13. The method according to claim 4, wherein the pressure is at least 6 times PC.

14. The method according to claim 1, wherein the wood extractives in the extract are substantially hydrophobic substances.

15. The method according to claim 14, wherein the wood extractives in the extract comprise hydrophobic substances selected from the group consisting of fatty acids, resin acids, sterylesters and triglycerides.

16. The method according to claim 1, wherein the wood extractives in the extract comprise substances selected from the group consisting of lignin or sterols.

17. The method according to claim 1, wherein the extracted wood extractives are collected in an organic solvent.

18. The method according to claim 1, wherein the ratio calculated between the total extract content and the extract content obtained by a standard method SCAN C 7:62 is at least about 0.5.

19. The method according to claim 1, wherein the ratio calculated between the total extract content and the extract content obtained by a standard method SCAN C 7:62 is at least about 0.55.

20. The method according to claim 1, wherein the ratio calculated between the total extract content and the extract content obtained by a standard method SCAN C 7:62 is at least about 0.6.

21. The method according to claim 1, wherein the ratio calculated between the total extract content and the extract content obtained by a standard method SCAN C 7:62 is at least about 0.65.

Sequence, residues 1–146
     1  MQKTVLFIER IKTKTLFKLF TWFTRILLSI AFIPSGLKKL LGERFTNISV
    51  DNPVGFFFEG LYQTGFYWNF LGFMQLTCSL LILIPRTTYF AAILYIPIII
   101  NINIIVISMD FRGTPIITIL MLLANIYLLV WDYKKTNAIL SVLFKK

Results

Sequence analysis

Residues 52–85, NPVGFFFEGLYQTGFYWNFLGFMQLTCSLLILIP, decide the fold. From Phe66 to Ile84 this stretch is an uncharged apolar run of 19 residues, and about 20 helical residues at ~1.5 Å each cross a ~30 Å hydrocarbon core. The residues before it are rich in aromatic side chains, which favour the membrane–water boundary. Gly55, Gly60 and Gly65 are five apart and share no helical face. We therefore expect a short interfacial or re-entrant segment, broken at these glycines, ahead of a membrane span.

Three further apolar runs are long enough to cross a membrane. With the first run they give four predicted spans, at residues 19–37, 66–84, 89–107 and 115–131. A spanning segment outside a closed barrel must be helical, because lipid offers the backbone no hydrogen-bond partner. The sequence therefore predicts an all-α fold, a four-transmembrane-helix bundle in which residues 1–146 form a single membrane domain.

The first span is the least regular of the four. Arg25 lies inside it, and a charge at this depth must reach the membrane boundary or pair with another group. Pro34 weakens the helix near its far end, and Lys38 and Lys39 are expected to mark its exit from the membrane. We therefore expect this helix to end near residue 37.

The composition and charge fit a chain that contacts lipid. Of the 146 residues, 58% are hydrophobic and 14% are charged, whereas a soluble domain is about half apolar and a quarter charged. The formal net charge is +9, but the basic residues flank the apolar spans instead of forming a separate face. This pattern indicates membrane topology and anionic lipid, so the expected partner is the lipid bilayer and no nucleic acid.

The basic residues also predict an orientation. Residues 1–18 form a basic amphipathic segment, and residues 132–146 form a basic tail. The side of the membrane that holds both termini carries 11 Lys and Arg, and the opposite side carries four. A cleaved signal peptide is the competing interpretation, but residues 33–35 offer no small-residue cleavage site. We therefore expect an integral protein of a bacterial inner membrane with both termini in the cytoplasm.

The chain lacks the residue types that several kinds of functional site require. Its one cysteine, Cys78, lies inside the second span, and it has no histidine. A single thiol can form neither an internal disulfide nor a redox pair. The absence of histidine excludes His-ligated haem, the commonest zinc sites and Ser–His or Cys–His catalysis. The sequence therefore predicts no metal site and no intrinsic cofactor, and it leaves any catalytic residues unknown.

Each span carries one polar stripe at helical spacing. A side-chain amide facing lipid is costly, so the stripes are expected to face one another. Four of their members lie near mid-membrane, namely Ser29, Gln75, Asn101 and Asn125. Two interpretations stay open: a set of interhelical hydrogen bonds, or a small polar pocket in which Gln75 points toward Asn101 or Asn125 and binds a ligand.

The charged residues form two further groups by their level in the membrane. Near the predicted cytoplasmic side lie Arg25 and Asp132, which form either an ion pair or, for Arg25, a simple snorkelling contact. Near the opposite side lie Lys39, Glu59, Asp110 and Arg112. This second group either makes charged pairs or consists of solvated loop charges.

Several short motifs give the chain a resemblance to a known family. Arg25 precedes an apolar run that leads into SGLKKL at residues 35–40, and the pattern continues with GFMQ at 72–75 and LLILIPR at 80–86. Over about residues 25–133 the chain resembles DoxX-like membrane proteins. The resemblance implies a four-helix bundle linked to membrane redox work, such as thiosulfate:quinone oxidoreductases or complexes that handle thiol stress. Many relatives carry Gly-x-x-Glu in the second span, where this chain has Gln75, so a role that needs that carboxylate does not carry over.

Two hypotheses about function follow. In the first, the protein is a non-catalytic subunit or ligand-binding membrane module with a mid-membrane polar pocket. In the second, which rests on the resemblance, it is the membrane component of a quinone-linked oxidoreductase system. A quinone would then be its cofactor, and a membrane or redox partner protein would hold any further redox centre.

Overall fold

22. The method according to claim 1, wherein the ratio calculated between the total extract content and the extract content obtained by a standard method SCAN C 7:62 is at least about 0.7.

23. The method according to claim 1, wherein the ratio calculated between the total extract content and the extract content obtained by a standard method SCAN C 7:62 is at least about 0.75.

24. The method according to claim 1, wherein the ratio calculated between the total extract content and the extract content obtained by a standard method SCAN C 7:62 is at least about 0.8.

25. The method according to claim 1, wherein the ratio calculated between the total extract content and the extract content obtained by a standard method SCAN C 7:62 is at least about 0.85.

26. The method according to claim 1, wherein the ratio calculated between the total extract content and the extract content obtained by a standard method SCAN C 7:62 is at least about 0.9.

27. The method according to claim 1, wherein the ratio calculated between the total extract content and the extract content obtained by a standard method SCAN C 7:62 is at least about 0.95.

28. Cellulose fibers obtainable by the method claimed in claim 1.

29. Cellulose fibers having a reduced level of or being substantially free from wood extractives, which impart—due to ageing—decreased absorption rate to the cellulose fibers.

30. A method of producing a fibrous web, said method comprising the step of using cellulose fibers according to claim 28 for the production of the fibrous web.

31. A method of producing a fibrous web, said method comprising the step of using cellulose fibers according to claim 29 for the production of the fibrous web.

32. A method of producing an absorbent product, said method comprising the step of using cellulose fibers according to claim 28 for the production of the absorbent product.